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Патент USA US3028130

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Aim! 3, 1962
J. F. KLAPPR‘OTH
3,028,121
THRUST AUGMENTING MEANS FOR AIRCRAFT
Fil_ed Nov. 27, 1959
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3,028,121
Patented Apr. 3, 1962
2
3,028,121
sion'or deceleration of the ?ow through the cascades is
obtained during vertical take-off operation and a di?us
John F. Klapproth, Cincinnati, Ohio, assignor to General
ing cascade is attained.
Brie?y stated, my invention provides a thrust augment
THRUST AUGMENTIN G MEANS FOR AIRCRAFT
Electric Company, a corporation of New York
ing means for use in a VTOL aircraft which uses a cas
Filed Nov. 27, 1959, Ser. No. 855,915
4 Claims. (Cl. 244-23)
cade of airfoils in the outlet of the air duct to turn the
?ow in a downward direction and, by proper orientation
of the cascade axis in relation to the duct axis and the
vectored thrust obtains diffusion or deceleration of the
The present invention-relates to a thrust augmenting
means and, more particularly, to a thrust augmenting
means particularly adapted for and suitable for VTOL 10 ?ow behind the ducted r'an, thereby permitting the fan
to operate nearer the cruise condition substantially at all
and STOL aircraft.
times. The particularly oriented cascade is called a dif—
In the vertical take-oil and landing—VTOL and short
fusing cascade. Furthermore, the system permits use of
take-off and landing—STOL aircraft of the present era,
airfoils having relatively little camber in comparison with
one approach is to move large quantities of low pressure
air in order to obtain vertical lift. The term VTOL as 15 the turning accomplished.
While the speci?cation concludes with claims particu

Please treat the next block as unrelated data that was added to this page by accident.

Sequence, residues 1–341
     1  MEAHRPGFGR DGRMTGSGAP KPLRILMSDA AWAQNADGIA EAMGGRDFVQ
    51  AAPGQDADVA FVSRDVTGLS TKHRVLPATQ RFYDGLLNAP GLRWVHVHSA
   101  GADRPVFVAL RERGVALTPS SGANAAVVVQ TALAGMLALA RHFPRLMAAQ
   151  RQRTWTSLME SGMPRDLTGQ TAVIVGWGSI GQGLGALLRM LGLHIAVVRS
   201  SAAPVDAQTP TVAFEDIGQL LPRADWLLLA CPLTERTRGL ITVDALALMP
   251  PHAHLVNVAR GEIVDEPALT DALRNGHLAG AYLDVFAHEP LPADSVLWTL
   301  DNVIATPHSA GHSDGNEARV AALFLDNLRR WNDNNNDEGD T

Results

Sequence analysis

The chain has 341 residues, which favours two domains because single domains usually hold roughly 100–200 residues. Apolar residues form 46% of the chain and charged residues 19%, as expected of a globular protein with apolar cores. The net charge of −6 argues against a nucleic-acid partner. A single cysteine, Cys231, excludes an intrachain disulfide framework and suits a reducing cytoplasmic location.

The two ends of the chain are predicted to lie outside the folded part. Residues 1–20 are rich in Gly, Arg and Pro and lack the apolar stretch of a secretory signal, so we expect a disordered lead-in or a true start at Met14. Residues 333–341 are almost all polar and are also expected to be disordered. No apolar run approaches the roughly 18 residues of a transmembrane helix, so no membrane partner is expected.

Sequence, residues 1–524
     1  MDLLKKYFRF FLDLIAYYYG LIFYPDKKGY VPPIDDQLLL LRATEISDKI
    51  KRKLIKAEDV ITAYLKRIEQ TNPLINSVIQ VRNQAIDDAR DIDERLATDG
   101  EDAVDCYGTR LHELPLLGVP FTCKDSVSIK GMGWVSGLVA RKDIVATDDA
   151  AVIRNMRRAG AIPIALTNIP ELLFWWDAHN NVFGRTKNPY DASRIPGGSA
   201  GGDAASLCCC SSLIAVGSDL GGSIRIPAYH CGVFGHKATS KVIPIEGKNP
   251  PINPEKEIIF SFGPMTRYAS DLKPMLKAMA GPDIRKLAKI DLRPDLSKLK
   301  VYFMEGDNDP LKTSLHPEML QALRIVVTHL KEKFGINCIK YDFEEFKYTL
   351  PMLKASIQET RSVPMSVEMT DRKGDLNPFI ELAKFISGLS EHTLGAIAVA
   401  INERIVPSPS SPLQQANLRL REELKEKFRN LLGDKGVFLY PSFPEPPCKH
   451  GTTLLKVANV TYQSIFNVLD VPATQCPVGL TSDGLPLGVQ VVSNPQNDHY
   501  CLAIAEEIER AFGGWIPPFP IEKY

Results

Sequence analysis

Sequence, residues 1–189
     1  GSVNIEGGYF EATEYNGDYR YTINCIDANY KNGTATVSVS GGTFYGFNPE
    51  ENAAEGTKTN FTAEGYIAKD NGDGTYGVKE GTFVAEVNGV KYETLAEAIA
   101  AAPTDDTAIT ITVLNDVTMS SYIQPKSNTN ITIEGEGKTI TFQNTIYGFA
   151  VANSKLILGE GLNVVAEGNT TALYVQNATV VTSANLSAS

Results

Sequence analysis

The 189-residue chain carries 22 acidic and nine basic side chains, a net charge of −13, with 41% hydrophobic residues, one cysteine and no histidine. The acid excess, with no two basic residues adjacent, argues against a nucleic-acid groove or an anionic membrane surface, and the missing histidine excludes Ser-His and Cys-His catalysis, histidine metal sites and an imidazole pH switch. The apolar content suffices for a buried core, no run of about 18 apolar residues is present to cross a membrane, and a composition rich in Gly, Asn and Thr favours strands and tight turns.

used in the speci?cation and claims is intended to cover
larly pointing out and, distinctly claiming the subject
both VTOL and STOL applications. A number of ar
matter which I regard as my invention, it is believed the
rangements have been tried, and have proven successful
invention will be better understood from the following.
such as large wing or fuselage mounted fans vertically
aligned, or horizontal fuselage or wing mounted fans in 20 description taken in connection with the accompanying
drawing in which:
.
combination with slats or louvers to direct large quan—
FIGURE 1 is a plot showing the operating character
tities of low pressure air downward and produce an up
istics of fans and propellers; '
ward thrust on the vehicle. Horizontal arrangements
FIGURE 2 is a diagrammatic partial cross-sectional
may employ highly cambered airfoils as louvers in order
to turn the air downwardly. Such louvers are normally 25 view showing the orientation ofthe cascades in a VTOL
~ or STOL system; and
.'
_
arranged in a cascade which is similar in appearance to
FIGURE 3 is a cross-sectional view of a singleairfoil
a Venetian blind. An alternate method is to use tandem
or sequentially arranged sets of louvers so that each set
of louvers turns the air a little more in the downward
of the type used in the system shown in FIGURE 2.
It should be appreciated that the thrust agumenting
direction.
30 means, to be described herein, may have application
other than the particular preferred embodiment illus
Another means of accomplishing the turning is by the
trated in the VTOL aircraft and is useful wherever ?uid
use of diverter valves in air streams which consist of high
quantities are required to be diverted e?iciently over large
pressure air and relatively low amounts of flow. A third
angles. However, the invention is particularly applicable
possibility is to orient the aircraft in a vertical position
as employed in tail sitter type aircraft. Still a fourth ar 35 to the VTOL ?eld and it is in this area in which it will
be particularly described.
rangement is the tilt engine or tilt wing kind of device
The combination of fan and thrust vectoring system
which is well known.
‘
to be described permits the main cruise system to provide
One of the accepted VTOL systems is the aforemen
more lift than would exist from simply vectoring the fan
tioned airfoil-cascade arrangement with‘ a high turning
angle in order to obtain a large vertical component of 40 thrust which would normally be attained during take-off
, operation.
force during takeoff. The limitations in such an arrange
Referring ?rst to FIGURE 1, there is shown a plot of
ment are the losses which are associated with the cruise